Let’s take a look what we have in MongoDB after running the Java program. Therefore I display the collections that are available inside my test-db in the Mongo-shell.


> show collections
candidates
downloads.chunks
downloads.files
downloads_meta
instructors
names
ships
startrek
system.indexes

If you followed this blog series you might recognise some of the collections from earlier examples. Especially the ones referring to Star Trek. Just starting to wonder if MongoDB could handle some megaquad of information. Would be handy storing my EMH to MongoDB. Ok, probably that is a different story. Back to the collections and there we can see a few ones that look familiar comparing them to the Java implementation:

  • downloads.chunksMongoDB has created this one to store smaller chunks of the big files. This way it can stay inside the limits of a maximum size of 16 MB it has for one document.
  • downloads.files – This collection contains the document of the actual file, so that we do not have to fiddle around with individual chunks on our own.
  • downloads_meta – This one has been created automatically when we saved the metadata document inside the Java program.

Checking the files-document a lot of – what I would say is – MongoDB internal attributes can be seen, but also the filename that we have given for this file in the Java program. I am not going to look into individual chunks, but let’s have a count to see how many have been created for this document, which by the way had a size of roughly 174,4 MB.


> db.downloads.files.find().pretty()
{
    "_id" : ObjectId("509ec4dea0eebce38606d798"),
    "chunkSize" : NumberLong(262144),
    "length" : NumberLong(178421760),
    "md5" : "1522b62e75c973b7b1d780695807047c",
    "filename" : "MongoDB-OSX-2-1.2.1",
    "contentType" : null,
    "uploadDate" : ISODate("2012-11-10T21:19:26.256Z"),
    "aliases" : null
}
> db.downloads.chunks.count()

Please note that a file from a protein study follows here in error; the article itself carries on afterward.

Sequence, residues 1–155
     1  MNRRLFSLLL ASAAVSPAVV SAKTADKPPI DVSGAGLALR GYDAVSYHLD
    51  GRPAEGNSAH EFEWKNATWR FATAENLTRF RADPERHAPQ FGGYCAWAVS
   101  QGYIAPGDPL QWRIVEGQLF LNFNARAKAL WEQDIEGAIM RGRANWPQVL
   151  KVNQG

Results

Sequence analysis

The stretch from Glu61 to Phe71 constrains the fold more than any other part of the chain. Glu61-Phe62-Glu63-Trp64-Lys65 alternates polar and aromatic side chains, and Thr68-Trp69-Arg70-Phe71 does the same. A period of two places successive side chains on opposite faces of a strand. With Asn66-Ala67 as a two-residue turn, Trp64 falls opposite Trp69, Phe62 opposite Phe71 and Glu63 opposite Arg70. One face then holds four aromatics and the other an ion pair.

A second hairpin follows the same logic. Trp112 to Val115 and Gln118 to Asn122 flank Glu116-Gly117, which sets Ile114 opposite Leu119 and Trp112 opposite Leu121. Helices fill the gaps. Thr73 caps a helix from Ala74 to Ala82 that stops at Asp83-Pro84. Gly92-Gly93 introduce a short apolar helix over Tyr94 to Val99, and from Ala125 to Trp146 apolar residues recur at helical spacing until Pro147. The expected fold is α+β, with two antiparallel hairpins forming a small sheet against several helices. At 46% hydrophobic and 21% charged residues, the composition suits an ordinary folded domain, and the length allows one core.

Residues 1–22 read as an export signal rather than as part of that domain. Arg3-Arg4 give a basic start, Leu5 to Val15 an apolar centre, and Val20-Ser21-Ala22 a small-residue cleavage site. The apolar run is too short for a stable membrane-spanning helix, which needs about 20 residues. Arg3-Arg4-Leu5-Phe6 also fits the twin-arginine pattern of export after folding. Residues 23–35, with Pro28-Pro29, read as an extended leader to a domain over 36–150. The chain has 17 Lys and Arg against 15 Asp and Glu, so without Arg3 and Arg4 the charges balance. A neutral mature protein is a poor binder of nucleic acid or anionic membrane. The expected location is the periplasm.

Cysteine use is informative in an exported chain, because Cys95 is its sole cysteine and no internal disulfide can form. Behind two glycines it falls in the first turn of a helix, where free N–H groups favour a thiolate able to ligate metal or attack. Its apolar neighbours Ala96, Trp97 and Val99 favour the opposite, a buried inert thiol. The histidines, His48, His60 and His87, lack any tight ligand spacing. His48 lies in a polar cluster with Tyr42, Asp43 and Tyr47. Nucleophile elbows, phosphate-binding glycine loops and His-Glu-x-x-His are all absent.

681

And finally a look at the metadata that we have created altogether with storing the file. No surprises here I would say.


> db.downloads_meta.find().pretty()
{
    "_id" : ObjectId("509ec4e2a0eebce38606da42"),
    "name" : "MongoDB",
    "fileName" : "MongoDB-OSX-2-1.2.1",
    "rawName" : "mongodb-osx-x86_64-2-1.2.1.tgz",
    "rawPath" : "/Users/thomasjaspers/Downloads/"
}

Ok, this was meant to get a very rough first impression on how it would feel to do some Java programming on top of MongoDB. Feels good :-)! I found it really easy to start with, which is a thing I would not say if someone would start using for example JPA on top of some relational database. Of course more hacking is required for a final judgement. I have already a small project in mind …


The MongoDB class series

Part 1 – MongoDB: First Contact
Part 2 – MongoDB: Second Round
Part 3 – MongoDB: Close Encounters of the Third Kind
Part 4 – MongoDB: I am Number Four
Part 5 – MongoDB: The Fith Element
Part 6 – MongoDB: The Sixth Sense
Part 7 – MongoDB: Tutorial Overview and Ref-Card

Java Supplemental Series

Part 1 – MongoDB: Supplemental – GRIDFS Example in Java
Part 2 – MongoDB: Supplemental – A complete Java Project – Part 1
Part 3 – MongoDB: Supplemental – A complete Java Project – Part 2